The road to financial power and prosperity is paved with homeownership. Nationally, over 70% of Black wealth is tied to homeownership.
In 2020, after the death of George Floyd, there were months of protests in D.C. and across the country. The protests also fostered conversations around the connections between issues of policing and economics, education, housing, and equity. Americans of all races began to demand that the institutions with which they spent money and did business go on record with their commitment to racial justice.
While justice in the courts became a rallying cry against police misconduct and brutality, the fight for racial equity initiatives and policies further took on a renewed purpose. Major corporations including Microsoft, PayPal, Facebook, JP Morgan Chase, Bank of America, Walmart, and many others pledged to invest millions and billions of dollars in racial equity initiatives.
Unfortunately, two years later, these investments have done little to move the needle upward for the rate of homeownership for Black Americans and Black residents of the District.
Homeownership Gap Persists
According to census data from Prosperity Now, the Black homeownership rate in D.C. is 35.2%, compared to the white homeownership rate of 50.3%. This gap stands in stark contrast to the neighboring Black communities in Prince George’s County, Maryland, where the rate of Black homeownership sits at 61.1%. Because of these vast disparities in homeownership, Black households in D.C. are three times more likely to have zero wealth.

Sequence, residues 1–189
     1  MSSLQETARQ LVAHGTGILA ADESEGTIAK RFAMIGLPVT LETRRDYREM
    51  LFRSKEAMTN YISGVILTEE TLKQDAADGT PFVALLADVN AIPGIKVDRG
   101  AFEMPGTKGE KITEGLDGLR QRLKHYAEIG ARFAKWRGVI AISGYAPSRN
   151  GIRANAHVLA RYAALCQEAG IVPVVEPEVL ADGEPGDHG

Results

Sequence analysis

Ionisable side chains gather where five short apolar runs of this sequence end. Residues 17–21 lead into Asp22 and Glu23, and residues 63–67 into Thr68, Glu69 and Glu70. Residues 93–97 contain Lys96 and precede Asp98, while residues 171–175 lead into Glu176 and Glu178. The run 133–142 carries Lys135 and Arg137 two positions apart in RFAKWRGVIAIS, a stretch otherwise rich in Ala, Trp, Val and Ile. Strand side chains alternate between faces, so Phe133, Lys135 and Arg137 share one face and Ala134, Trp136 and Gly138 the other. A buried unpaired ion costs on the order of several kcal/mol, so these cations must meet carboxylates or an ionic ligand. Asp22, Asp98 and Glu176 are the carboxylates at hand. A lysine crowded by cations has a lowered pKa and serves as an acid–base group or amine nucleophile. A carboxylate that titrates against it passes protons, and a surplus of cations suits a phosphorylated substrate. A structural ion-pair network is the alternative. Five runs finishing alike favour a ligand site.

Black Homebuyers Twice as Likely to be Denied Mortgages in D.C.
Data from the federal Home Mortgage Disclosure Act, provided by the Virginia-based Compliance Tech, showed that in 2020 approximately 32,238 loan applications were made or originated by mortgage lenders in D.C.
White applicants were approved for 16,227 mortgages compared to 4,945 mortgages approved for Black applicants in D.C.
“The data states that Black homebuyers at 20.86% were denied mortgage loans at 2.7 times the rate of white homebuyers at 7.6% white,” stated Maurice Jourdain-Earl, managing director of Compliance Tech.
Despite historical discriminatory mortgage lending practices and rising home prices, government leaders, nonprofit organizations, real estate agents, and brokers continue to work hard to create more new Black homeowners in the District of Columbia.
Lledon Stokes, a real estate agent with Sotheby’s Realty, describes the situation.
“In 2021, I was able to help nine Black families achieve the dream of homeownership in D.C.,” Stokes said. “I pride myself on knowing other agents, good negotiating skills, and preparing my clients for homeownership.”
Succeeding Against the Odds
Stokes helped Lindsay McFarlane purchase a condo in Southeast D.C. Lindsay, a native of Nashville, Tennessee, moved to the region 10 years ago.
“Ever since I was younger and we came to D.C. on a family trip, I told my dad that we had to live here,” McFarlane said. “After graduate school, I moved to the District and rented various apartments in different parts of the city, but I didn’t feel complete until I bought my first house.”